In a world of chaos and the continual tick, tick, tick of the clock it is becoming increasingly easy to get stressed. Running has always been a great way to release these tensions and to refocus after a pressured day. It is also a great way to connect with the outdoors, while getting fit and sweating out the pressure of all that daily grind. More recently there has been a resurgence of other techniques to reduce stress and meditation has gained a huge foothold as people turn inward to try and calm their racing minds, regain control, and let go of an overwhelming flood of thoughts. The question raised however is “does running; a physical activity and meditation; a peaceful practice really work together?”

The challenge with both running and meditation is that we’re rarely skilled enough to truly let go of that daily baggage. No matter how much we run, we may find it difficult to leave our troubles behind. Meditation on paper sounds great but it’s sometime hard to find the time in the daily grind and when we finally do, it’s often incredibly challenging to get the body and mind to cooperate. There is increasing anecdotal and medical evidence that there is a way to tame the mind, while simultaneously training your body and that is Mindful running.

The term “mindful running” may be new, but the practice has existed for thousands of years. From the Tibetan lung-gom-pa runners, to the “marathon monks” of Japan, to the Incan messengers of Machu Picchu, humanity has a long history of pairing running with meditation.

Take the ancient lung-gom-pa runners. Initiates would spend three years in silent meditation, focusing solely on emptying their minds and controlling their breaths, before allowed to take a single step. Yet once they’d tamed their minds, they could run almost effortlessly incredible distances, up to 400 miles at a go, according to The Way of the White Clouds by Lama Anagarika Govinda and Magic and Mystery in Tibet by Alexandra David-Neel.

By focusing on mindfulness and breath, these runners are said to have achieved a sense of enlightenment here on earth, and an almost superhuman state of fitness. But you needn’t lock yourself up for three years to enjoy tremendous benefits. Instead, by focusing on three key elements anyone can do, you can bring more presence, peace and fitness to your walks and runs.

1. Run in sync with your breath.

The breath brings in energy and is our metronome and guide. Moving breath-centered, we reconnect with our bodies, moving more efficiently and relaxed. Inhaling deep brings in more oxygen, calms our nervous system and reduces muscle tension.

How to begin? Start walking, and later, slowly running in sync with your breath. It doesn’t matter you pattern to begin, just get your breath and steps together. For instance, inhale, step, step, step, exhale, step, step, step.

Next, always breathe through your nose down to your diaphragm. Rapid mouth breathing triggers an inflammatory fight or flight response, while nasal belly-breathing does the reverse, slowing the heart while soothing and healing the body.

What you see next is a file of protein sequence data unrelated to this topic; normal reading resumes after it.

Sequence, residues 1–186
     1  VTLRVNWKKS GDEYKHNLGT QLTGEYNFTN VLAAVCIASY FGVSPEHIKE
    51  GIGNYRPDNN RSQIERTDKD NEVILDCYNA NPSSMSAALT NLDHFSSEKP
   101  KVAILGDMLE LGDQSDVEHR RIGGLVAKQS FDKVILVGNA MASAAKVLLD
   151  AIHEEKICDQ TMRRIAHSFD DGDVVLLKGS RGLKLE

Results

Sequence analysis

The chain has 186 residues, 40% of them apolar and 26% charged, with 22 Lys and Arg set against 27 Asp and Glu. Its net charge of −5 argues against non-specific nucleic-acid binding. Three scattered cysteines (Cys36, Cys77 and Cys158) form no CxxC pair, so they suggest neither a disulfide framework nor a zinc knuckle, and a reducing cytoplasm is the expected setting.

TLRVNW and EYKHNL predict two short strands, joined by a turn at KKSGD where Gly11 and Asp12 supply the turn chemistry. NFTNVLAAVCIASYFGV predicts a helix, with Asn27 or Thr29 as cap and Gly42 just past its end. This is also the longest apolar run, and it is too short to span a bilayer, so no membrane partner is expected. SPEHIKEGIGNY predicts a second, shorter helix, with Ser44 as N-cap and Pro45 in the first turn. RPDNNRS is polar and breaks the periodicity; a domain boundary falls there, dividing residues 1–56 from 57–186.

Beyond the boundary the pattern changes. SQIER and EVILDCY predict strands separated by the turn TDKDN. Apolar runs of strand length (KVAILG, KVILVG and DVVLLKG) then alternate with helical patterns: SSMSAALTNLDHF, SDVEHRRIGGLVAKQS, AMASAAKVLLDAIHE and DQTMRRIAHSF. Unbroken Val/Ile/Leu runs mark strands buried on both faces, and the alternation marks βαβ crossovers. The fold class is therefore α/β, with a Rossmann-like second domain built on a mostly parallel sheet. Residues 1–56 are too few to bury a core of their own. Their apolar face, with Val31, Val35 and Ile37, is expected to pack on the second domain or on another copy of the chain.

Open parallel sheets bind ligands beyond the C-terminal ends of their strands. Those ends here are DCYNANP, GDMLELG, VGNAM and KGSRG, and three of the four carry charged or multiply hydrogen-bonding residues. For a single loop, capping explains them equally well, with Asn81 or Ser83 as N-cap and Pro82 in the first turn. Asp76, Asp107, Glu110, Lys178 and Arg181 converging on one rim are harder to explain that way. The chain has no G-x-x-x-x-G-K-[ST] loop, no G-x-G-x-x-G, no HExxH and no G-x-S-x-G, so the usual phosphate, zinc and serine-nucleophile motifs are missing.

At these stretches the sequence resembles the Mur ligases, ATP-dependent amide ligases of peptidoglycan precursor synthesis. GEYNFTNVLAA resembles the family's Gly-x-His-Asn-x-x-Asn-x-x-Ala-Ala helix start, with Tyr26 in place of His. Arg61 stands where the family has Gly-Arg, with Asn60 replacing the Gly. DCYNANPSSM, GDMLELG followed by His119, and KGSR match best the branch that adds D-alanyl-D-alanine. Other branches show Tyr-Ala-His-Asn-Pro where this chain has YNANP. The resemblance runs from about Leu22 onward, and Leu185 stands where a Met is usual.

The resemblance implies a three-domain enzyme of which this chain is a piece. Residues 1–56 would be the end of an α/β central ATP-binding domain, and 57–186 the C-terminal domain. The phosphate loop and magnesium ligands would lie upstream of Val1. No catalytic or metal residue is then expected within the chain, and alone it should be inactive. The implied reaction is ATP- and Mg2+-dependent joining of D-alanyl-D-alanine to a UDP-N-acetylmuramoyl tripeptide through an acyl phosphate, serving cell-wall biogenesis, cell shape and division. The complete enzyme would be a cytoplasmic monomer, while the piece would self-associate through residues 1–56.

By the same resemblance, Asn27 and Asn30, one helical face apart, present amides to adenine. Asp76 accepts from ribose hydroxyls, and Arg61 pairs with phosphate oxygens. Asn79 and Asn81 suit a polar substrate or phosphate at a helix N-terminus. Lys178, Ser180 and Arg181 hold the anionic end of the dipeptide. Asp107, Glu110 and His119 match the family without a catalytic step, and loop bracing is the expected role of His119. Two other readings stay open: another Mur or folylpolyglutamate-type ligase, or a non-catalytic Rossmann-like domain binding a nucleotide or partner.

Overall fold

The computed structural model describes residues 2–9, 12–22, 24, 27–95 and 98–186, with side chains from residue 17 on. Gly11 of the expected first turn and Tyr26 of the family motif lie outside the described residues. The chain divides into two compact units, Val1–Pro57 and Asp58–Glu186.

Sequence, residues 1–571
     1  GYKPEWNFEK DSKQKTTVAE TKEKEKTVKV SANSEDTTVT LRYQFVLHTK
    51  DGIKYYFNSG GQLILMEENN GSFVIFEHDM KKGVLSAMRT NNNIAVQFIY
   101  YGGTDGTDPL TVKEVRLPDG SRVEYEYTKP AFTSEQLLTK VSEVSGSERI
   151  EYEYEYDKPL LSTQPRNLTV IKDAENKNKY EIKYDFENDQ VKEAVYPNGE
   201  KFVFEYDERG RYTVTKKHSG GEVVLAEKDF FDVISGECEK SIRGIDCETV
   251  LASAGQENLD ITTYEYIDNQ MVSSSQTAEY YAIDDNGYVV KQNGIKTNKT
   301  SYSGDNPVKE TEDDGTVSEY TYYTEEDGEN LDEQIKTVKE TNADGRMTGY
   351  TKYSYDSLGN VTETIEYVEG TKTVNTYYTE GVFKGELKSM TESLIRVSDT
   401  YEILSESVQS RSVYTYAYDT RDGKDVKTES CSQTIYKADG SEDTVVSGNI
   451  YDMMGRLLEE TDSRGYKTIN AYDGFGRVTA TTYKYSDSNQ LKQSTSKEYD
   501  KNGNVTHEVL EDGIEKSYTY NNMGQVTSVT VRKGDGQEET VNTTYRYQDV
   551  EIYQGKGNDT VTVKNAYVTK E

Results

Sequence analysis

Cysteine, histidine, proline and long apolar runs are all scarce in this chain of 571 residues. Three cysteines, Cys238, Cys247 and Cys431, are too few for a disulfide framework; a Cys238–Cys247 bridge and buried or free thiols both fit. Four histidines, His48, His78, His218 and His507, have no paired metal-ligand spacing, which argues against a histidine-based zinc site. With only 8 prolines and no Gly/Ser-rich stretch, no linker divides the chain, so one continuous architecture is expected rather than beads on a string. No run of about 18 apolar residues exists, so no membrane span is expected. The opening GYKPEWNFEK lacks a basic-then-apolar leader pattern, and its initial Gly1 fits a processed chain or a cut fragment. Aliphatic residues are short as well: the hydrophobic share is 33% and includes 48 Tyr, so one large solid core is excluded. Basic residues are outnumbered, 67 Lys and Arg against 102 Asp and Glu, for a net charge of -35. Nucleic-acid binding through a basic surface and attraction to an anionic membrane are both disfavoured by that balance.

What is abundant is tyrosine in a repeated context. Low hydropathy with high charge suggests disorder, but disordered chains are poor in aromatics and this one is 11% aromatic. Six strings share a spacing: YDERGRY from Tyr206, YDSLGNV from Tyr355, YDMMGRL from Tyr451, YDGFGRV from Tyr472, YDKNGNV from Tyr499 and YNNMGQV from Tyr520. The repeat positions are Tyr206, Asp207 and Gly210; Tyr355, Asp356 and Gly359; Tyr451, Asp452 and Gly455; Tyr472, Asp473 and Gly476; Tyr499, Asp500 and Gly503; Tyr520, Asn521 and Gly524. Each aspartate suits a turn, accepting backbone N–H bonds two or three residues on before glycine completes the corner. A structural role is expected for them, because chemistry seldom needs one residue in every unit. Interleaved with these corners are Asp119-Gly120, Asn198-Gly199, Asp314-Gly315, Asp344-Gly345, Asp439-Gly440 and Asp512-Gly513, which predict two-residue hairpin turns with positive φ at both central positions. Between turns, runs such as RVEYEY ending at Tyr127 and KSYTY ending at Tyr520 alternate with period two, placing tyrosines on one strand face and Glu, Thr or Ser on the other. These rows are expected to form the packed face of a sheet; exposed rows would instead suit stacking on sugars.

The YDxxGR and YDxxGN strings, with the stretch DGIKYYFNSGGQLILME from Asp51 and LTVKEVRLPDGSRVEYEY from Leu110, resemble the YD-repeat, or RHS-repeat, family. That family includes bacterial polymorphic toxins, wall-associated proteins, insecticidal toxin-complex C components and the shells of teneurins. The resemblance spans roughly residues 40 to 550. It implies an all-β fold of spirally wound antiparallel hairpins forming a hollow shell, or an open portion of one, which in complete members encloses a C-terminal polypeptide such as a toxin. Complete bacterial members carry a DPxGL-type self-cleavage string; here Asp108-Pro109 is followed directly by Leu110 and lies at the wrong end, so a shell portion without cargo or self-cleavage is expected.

2. Watch your stride.

Most runners fight their bodies, pounding along, and struggling to breathe. The average runner’s stride has us hitting the brakes with each step. Yet the body gives us clues to move better. Once we gain awareness, we quickly lose the huffing and puffing, and pounding along.

How to begin? First, watch and listen to your footsteps, working to shorten and silence your stride. This means less bouncing, wasted effort and potential joint damage. Second, keep your arms up and high, never swinging side-to-side.

The higher your arms, the quieter you land, the less you swing sideways, the less torque on knees, hips, and back. Third, picture a silvery string, pulling upward through your head toward the sky. The taller you run, the lighter, with less stress on your shoulders, back and knees.

3. Practice Ten Count breathing.

When you’re focused on body and breath, there’s little room left for extraneous thought, instead you focus 100% attention on the task at hand while running firmly in the now. This doesn’t just quiet the mind, but rewires you for greater concentration, awareness, and creativity throughout the day.

How to begin? The simplest way is the Ten Count.

Begin with 5 minutes of walking or jogging.
Simply count ten inhalations and exhalations, and then repeat.
If a stray thought comes up, drop it like a hot potato, then go right back into your count.
By rewiring the mind, and improving our health, mindful running can be a life-transformative experience. It helps us get back in our bodies, let go of stress, get fit, and to heal. More importantly, it gives us the gift of silence, even on a busy street.

By slowing our racing minds, we have more room to think more clearly, be more compassionate, especially toward ourselves, connect with the earth, and to discover improvement in all areas of our lives. It will also help you get the most out of your running experience.

So focus on your breath, drop those thoughts and watch those steps. Then, you too, can experience the pure joy of mindful running.

We’d love to hear your experience on this technique and whether it has worked for you.